Rana Jarbou is conducting an experiment, using herself as the guinea pig. For one full week, the 30-year-old resident of Riyadh, Saudi Arabia, is wearing the niqab when she leaves home — a traditional form of dress that conceals all of a woman’s hair and her face except for her eyes. Jarbou is chronicling the experience on her blog, Desert Rain.
Jarbou, a Saudi native who is writing a book about graffiti in Arab countries, normally wears an abaya (or robe) and usually a headscarf when she goes about her daily business. That isn’t always enough to suit the people around her in the Saudi capital, where she grew up and is living again after spending several years in Lebanon, Bahrain, and the U.S.
"I am considered 'rebellious' because I wear the scarf loosely and sometimes not at all," she writes in an email. "I have noticed … that having my hair shown attracts attention. People assume only foreigners have their hair exposed. I have often shocked people just by speaking with a Saudi accent with my hair exposed." In one incident, a niqab-wearing woman at a mall berated her for her appearance, suggesting she could not truly be Saudi unless she covered herself completely.
Women around the world who choose to wear the niqab for religious reasons face their own share of discrimination. In the United States, Canada, and Western European countries, and in the Arab world as well, women have faced restrictions on their right to wear the veil in driver's license photos, while testifying in court, while attending university, or even when simply leaving their homes. In Egypt, women who wear the niqab — many of whom have not been able to find jobs because of their dress — have started their own TV channel in order to combat the negative image of niqab-wearing women.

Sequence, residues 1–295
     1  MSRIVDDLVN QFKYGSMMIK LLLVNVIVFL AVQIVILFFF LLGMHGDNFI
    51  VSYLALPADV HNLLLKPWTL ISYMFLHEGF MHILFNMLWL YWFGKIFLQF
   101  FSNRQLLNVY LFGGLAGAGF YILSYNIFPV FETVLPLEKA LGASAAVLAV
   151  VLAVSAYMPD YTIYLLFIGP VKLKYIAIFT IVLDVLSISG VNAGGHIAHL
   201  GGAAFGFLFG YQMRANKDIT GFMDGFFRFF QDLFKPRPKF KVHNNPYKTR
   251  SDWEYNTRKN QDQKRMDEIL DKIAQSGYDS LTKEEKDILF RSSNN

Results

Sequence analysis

I first learned about Rana Jarbou's project on the site Global Voices, where she wrote that she "decided to do this experiment in order to fully grasp, live and feel life behind the niqab." Rana Jarbou is finding that wearing the niqab for a week — what she calls the "Faceless Experiment" — is giving her an opportunity to reflect on the complexities of veiling, femininity, and human identity.
Jarbou's exploration of what it means to hide your face or to show it may seem like a culturally specific endeavor. But as any woman who has ever walked down a city street knows, a woman in a public place is nearly always open to comment and judgment. A woman’s body, way too often, is considered to be a public place itself.
The niqab and other traditional forms of modest dress are supposed to protect women’s bodies from scrutiny, to provide security. In her experiment, Jarbou is exploring the cost of that trade-off. How will covering her face affect her sense of identity and individuality?
As soon as Jarbou put on the niqab, in the women’s bathroom at the mall where she purchased it, she says she noticed a difference in the way she was treated: